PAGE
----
Originally Published Tuesday 28th October 2008
Horror has so many classic characters, mostly from nineteenth century literature based on old folk stories and legends. Characters like Dracula and Frankenstein and the Wolfman are part of our collective culture, they have been with us all since childhood despite their horror credentials. When a film comes along that uses these characters it has to tread carefully so as not to stamp all over characters we know so well. When they made Van Helsing, they did not tread carefully. In fact, they wore size twelve Docs to make sure that when they stomped down on those favourite characters, they really kicked the shit out of them!
Van Helsing follows the adventures of Gabriel Van Helsing, a fixer for the church who hunts down monsters and ghouls on their behalf. He and his faithful comic-relief sidekick are despatched to Transylvania to stop Dracula from killing off the last in a line of a noble family and thereby prevent any of them from entering Heaven. Van Helsing makes his way to Transylvania just in time to save the last of that family, Anna Velarius from vampire attack. Anna and Van Helsing head off to tackle Dracula and learn of his dastardly plan to procreate using the same technology that Dr. Frankenstein used to bring his monster to life – a project that was financed by Dracula. Turns out that the secret to getting the process to work for vampire children is to pass electricity through a werewolf, which is handy as Anna’s brother has just become one. After a lot of to-ing and fro-ing Van Helsing predictably saves the day after learning that he’s the left hand of God though Anna does get bumped off at the end.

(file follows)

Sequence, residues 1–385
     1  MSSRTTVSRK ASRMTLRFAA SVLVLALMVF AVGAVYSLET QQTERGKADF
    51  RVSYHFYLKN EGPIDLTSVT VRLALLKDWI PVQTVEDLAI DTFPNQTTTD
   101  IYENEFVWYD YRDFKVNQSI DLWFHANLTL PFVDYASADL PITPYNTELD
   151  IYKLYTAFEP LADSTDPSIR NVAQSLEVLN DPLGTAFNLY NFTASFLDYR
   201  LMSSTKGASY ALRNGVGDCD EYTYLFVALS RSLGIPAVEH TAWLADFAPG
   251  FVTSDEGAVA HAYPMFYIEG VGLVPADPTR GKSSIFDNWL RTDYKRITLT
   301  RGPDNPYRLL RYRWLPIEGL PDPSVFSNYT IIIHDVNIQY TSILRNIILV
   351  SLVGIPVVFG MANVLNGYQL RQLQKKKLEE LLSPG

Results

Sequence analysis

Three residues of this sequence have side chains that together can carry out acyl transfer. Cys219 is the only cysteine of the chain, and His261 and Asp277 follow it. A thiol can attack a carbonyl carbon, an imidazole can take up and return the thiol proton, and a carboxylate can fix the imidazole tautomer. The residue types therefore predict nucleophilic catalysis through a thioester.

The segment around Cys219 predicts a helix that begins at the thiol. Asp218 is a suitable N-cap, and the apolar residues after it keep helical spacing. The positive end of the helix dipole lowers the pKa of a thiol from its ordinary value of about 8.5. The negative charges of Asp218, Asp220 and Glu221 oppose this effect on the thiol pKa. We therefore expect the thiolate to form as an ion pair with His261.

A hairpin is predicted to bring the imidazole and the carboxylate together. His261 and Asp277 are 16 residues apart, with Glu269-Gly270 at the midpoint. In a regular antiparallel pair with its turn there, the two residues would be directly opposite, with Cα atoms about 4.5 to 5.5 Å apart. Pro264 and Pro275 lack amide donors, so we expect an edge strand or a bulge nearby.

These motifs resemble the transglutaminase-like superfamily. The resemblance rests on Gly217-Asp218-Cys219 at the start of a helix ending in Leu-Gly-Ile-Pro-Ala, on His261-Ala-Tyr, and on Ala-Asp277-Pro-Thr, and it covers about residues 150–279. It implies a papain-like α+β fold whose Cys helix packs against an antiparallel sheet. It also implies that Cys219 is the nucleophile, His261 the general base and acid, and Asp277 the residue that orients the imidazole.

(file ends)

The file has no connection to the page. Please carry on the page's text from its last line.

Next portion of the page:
It’s a little unfair to be overly critical of Van Helsing as it’s not a horror film in the truest sense, it’s really a kids movie that uses characters from horror stories. But as a kids film the film-makers didn’t really play to their audience very well as the film is overly long at over two hours and far too confusing. There is a lot going on in the film as nearly every horror character gets a look in as well as the top brass at the Vatican and in an attempt to give everyone enough screen time the film jumps around like white rappers in a St. Paddy’s day piss up. Van Helsing could have been a lot better if it was half an hour shorter and cut maybe two or three un-necessary monsters.
To be fair, there are a couple of things in Van Helsing that’re alright. And they both belonged to the red haired bride of Dracula!